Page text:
Welcome to the Universe
By Neil deGrasse Tyson, Michael A. Strauss, J. Richard Gott
Princeton University Press, 472pp | Buy on Amazon
What do you get when three of the world’s leading astrophysicists band together for a book? Nothing short of the best guided tour to the cosmos, in my humble opinion. Besides being leading scientists in their fields, Neil deGrasse Tyson, Michael A. Strauss, and J. Richart Gott are each famous for award-winning TV programs and books that popularize science — all the spicy ingredients for an enlightening but entertaining read.
‘Welcome to the Universe’ is comprised of 24 chapters clearly divided into three sections. In the first section, which is mainly authored by Tyson, the director of the Hayden Planetarium, you learn about the scale of the universe and stars. You’ll come to understand how really smart people managed to infer our place in the universe by studying the stars, going back to the very first written down observations from 3,000 years ago. There’s also a convincing explanation for why Pluto isn’t a planet.
The second section is written by Strauss, a lecturer at Princeton University, and mainly deals with galaxies — how they form, where the Milky Way fits in all of this, and how galaxies tell us that the Universe is expanding.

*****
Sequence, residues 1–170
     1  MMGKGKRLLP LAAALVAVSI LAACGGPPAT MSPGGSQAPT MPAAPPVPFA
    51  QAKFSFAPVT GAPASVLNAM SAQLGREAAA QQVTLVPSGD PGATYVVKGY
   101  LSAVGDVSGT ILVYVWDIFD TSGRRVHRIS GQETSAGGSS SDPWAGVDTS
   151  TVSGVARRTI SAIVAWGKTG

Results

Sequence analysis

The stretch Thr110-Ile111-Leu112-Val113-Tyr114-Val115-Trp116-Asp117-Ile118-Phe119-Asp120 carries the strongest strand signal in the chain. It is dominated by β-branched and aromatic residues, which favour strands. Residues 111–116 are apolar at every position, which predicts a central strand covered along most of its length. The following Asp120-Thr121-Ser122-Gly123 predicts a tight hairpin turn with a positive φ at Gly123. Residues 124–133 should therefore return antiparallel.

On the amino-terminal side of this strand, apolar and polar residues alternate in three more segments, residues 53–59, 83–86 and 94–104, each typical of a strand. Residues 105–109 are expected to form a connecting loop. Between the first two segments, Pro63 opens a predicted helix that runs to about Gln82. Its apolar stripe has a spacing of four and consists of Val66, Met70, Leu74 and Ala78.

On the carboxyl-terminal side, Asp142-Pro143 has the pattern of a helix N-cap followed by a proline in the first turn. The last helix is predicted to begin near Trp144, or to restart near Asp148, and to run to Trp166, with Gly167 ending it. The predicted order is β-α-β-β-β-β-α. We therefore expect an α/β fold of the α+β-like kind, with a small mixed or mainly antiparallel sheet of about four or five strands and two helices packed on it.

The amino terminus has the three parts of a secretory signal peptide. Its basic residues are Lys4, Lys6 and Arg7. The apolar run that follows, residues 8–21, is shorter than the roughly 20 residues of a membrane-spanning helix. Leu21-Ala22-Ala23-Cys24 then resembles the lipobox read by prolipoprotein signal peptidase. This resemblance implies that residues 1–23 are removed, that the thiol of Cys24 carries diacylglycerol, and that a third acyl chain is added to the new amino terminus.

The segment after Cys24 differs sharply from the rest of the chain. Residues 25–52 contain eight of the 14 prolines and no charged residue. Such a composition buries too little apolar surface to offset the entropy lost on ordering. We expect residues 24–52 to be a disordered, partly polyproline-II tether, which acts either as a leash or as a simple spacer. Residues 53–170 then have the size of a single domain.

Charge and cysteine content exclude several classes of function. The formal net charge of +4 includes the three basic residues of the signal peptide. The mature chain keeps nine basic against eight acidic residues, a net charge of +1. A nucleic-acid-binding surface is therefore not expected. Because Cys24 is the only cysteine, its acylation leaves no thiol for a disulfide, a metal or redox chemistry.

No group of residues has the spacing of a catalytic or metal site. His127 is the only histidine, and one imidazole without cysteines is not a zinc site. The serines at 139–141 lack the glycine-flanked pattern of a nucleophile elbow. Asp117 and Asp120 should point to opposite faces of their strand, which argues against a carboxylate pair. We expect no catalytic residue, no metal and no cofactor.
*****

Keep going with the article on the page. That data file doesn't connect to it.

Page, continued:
In the third and final section, Gott, also a professor at Princeton, explains what Einstein’s work is all about and why his legacy is so important to astrophysics. Relativity, gravity, black holes, and time travel are just a couple of the reserved topics.
By the time you finish reading this hefty volume, you should have a good general idea of what astrophysics entails and how scientists do their jobs. The writing is very friendly and easy to follow, though you’ll find chapters reminiscent of textbooks. This is a popular science book but the authors didn’t shy from including (many) equations, charts, and graphs. Even if you lack a technical background, these are still well explained. Alas, some readers might find many of the chapters outlined in the book too complex. This may not be a book for everyone. But if you like serious science writing, this is a keeper. It’s still early but I think Welcome to the Universe might be the best science book on my list for 2017.